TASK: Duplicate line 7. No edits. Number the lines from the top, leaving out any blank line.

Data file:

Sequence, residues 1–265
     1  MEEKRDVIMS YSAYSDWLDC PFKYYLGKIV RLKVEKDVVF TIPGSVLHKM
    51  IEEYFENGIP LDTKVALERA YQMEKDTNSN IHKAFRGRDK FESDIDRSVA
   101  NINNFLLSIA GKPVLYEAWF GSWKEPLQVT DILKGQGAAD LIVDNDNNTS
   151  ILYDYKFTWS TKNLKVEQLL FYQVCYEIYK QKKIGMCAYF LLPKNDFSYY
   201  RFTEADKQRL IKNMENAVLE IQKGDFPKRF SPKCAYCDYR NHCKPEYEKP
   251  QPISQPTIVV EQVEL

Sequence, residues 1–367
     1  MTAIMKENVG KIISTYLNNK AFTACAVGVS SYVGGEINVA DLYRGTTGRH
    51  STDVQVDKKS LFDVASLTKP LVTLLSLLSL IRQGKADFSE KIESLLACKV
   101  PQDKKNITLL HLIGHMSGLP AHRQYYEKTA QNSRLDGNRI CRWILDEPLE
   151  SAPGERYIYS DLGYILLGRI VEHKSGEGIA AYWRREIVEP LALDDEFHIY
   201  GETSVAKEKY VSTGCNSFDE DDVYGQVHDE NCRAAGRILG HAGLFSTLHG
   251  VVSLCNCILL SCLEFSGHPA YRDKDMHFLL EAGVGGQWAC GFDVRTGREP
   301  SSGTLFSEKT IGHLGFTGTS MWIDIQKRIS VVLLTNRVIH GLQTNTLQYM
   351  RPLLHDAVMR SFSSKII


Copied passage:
   251  QPISQPTIVV EQVEL